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My father died of COPD.  Yes, he smoked for years, but he had problems with asthma and bronchitis also.  I don’t think we should say, “oh yes, so and so died because they smoked, because they ate the wrong foods, because they drank. ” Because people who do none of these things develop COPD, cancer and numerous other diseases.  We live in an age of tainted air, food and water.  The disease forced him to have a portable oxygen tank, an inhaler, steroid injections.  Because the air did not move over his lungs like it should when he took a breath, like  air skimming over a lake, and instead soaked into the holes of the lungs, every breath was an effort.  It robbed him of doing simple things that he loved like getting into his car and taking pictures of old barns and sunsets.  Getting to the bathroom was a chore.  Gone were the days of just doing what he wanted.  Each day was all about being able to breathe.  But in spite of all this he retained his sense of humor.  My dad never called anyone by their real name.  My brother (Chris) was Scootsie.  My daughter (Hilary) was white fang because her teeth were very white before she started drinking coffee.  A man named Jeff was Schmen.  Places of business had unique names too.  Ruby Tuesday restaurant was called Sapphire Saturday by my dad.  He like to reverse letters in words so a sentence such as “Get on your shoes” was transformed into “Shit on your gooz”.  But the expression that stands out in my mind was “Fourteen/Thirteen”  You could ask him what time it was and that was his answer.  It was the answer to mileage, prices,  the date for that day, ages of people.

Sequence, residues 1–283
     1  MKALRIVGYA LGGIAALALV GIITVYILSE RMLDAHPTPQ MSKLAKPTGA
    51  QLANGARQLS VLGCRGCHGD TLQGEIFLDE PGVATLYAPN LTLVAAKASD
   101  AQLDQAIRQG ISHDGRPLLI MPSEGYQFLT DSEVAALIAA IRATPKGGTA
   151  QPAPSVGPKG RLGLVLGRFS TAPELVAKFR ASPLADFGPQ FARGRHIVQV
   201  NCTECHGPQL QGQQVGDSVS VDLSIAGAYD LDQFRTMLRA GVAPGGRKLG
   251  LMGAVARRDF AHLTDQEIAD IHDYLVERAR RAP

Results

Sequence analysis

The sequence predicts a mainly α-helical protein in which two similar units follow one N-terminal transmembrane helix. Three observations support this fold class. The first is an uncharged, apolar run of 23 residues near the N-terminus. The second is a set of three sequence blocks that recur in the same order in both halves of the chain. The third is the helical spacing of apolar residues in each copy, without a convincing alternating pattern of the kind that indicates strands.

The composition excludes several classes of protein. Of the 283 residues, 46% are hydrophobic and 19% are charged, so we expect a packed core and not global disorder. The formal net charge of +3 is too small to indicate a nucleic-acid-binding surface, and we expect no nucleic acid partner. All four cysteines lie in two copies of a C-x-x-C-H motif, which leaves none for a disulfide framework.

There was a surgery performed on his foot.  I still say it was a botched surgery.  It was done twice because the first time he kept feeling like his heel was “floating” in his foot.  It was…something came undone or wasn’t done right to begin with.  Infection set in.  Do you know where infection goes?  To the weakest part of the body.  The frail part, the part screaming for air.  My brother was here and we went to see my dad and there was a dry-erase board in the room and he was supposed to rate his pain on a scale of one to ten.  We changed the board, drawing faces for each number.  One was great, ten was death.  We drew X’s for eyes and a mouth with the tongue hanging out.  Little did we realize that two days later he would be dead.  I sat in the ICU watching the numbers change on the machine that monitored heart rate.  The tube was in his mouth, he did not know I was there.  His lungs were saturated and there was no way to relieve it.  The priest came in and we talked about my dad and his sense of humor, his cartoons that he drew, the way he could make a tiny airplane, cannon, windmill out of  nuts, bolts, nails, sockets.  He had a vision of something and he produced it.  He could not produce his vision of being able to breathe on his own though.  The numbers were falling.  I knew that when they got to a certain point the doctor would take away the tube and wait for him to take his last breath. …….Which he did—in a huge gasp, eyes open and looking straight ahead as if seeing something glorious.  When Jesus comes for you he doesn’t send his angels, he comes himself.  Time of death: Fourteen/ Thirteen.  I still encounter Fourteen/ Thirteen.  A receipt from the store, an address, a score from a game.   Dad is breathing again.  The pure air of heaven.  And if that is the only thing he has to do up there I am sure he is content with that.